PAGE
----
I’ve been sharing a drawing each day (some are better than others, just sayin’) from a set of daily prompts for Flash February and I thought I would gather the first half of the month together into a video format. I’ve been using the Paper app for drawing with my fingers, and you know, it shows. I’ve also not spent a ton of time on any one drawing — my aim is quick and creative and move on. But it has been fun to try to go in different directions from the prompt.
Here, for example, is what I created for today’s prompt of “Figures.”
Peace (and Art),
I can’t remember how long it has been since I read Dear Data and then joined other friends in CLMOOC in making Data Postcards over an extended period of time, but Stephanie Posavec and Georgia Lupi made data collection and representation into a meaningful activity, connected by sharing and friendship. (Wait — I checked — five years or so).
After getting involved in a February drawing exercise, with daily “F” themes, one of the reference texts was Observe, Collect, Draw! (A Visual Journal) and I ordered it from the library just to see what it was. What it is is another fun and engaging book from Posavec and Lupi, and this book is a series of invitation to observe the world through data collection and make art.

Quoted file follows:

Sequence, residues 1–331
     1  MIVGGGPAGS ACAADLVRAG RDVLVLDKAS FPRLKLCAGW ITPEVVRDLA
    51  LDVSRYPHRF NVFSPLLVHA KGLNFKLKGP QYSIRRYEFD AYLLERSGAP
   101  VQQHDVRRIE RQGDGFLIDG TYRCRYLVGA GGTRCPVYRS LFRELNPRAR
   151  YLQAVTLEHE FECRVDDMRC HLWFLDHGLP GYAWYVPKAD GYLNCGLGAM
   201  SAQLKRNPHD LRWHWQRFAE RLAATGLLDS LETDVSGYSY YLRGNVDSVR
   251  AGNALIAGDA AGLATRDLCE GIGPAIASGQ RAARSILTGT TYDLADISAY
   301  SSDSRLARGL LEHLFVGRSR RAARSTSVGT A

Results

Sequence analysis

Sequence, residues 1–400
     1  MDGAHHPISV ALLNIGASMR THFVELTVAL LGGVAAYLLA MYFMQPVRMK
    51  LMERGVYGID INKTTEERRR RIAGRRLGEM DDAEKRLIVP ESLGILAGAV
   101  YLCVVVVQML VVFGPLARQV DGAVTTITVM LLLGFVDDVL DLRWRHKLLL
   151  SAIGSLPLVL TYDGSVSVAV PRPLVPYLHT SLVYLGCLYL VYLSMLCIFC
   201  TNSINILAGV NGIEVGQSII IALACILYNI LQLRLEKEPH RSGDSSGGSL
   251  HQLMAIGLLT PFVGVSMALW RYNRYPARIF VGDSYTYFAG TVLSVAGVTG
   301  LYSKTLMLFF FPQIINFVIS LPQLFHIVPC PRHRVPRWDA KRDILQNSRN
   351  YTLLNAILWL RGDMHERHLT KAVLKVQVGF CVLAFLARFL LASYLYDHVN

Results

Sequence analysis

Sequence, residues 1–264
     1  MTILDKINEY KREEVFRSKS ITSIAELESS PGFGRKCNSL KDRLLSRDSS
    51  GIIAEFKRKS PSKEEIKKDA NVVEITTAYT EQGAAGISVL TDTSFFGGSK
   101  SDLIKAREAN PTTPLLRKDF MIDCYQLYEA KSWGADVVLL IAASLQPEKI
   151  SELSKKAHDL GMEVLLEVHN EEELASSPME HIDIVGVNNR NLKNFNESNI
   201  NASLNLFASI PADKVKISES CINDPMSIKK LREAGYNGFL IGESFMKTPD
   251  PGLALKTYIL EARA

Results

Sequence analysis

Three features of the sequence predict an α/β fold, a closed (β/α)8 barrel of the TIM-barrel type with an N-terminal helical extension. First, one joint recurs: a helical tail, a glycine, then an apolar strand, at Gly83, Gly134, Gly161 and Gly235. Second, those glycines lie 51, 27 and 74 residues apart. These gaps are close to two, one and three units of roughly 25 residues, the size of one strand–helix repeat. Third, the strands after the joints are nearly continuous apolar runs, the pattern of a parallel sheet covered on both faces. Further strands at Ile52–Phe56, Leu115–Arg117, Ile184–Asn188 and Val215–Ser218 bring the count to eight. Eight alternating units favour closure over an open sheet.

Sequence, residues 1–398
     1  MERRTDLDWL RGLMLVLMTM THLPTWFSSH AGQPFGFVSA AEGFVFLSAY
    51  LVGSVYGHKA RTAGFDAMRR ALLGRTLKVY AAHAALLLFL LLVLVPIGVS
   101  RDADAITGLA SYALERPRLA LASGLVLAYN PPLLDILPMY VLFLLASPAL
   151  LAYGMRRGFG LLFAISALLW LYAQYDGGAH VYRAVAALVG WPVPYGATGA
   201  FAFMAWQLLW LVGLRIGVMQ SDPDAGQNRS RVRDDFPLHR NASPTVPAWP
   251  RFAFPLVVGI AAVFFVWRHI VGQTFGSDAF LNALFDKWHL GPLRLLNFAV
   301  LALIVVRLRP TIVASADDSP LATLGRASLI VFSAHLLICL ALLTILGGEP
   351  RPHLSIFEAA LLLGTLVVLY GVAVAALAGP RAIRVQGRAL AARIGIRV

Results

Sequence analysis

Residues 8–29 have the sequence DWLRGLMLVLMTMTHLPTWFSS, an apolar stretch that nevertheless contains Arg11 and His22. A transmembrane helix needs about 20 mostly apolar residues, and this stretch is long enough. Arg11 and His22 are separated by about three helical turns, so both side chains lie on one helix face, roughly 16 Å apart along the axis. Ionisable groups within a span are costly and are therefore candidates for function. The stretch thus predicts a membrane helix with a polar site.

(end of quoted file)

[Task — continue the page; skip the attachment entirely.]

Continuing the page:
After an introduction to data in general, the book moves into pages of specific prompts and engaging ideas, coupled with templates or blank spaces for making your own data set art works, and I found it a lovely experience (but this was a library book, so no drawing took place – I did one activity on my iPad that I will share another day).
Some examples of the invitations for data collection include: What My Camera Sees, Sounds Around Me, My Inbox, My Swearing, Distractions, Being More Kind, Weather Mood, and more. Some of the data collection activities can be done in one sitting. Some can stretch over a period of time.
I find these kinds of books to be intriguing, for the ways they encourage you to observe the world through different angles, and notice closely. Data in this case is observational, and personal, in that a person take part in their experiments is really trying to uncover the layers of a life lived, and represented through color and shape, font and sequence, and more.
I highly recommend reading both books, and then breaking out the art supplies.
Peace (and Data Points),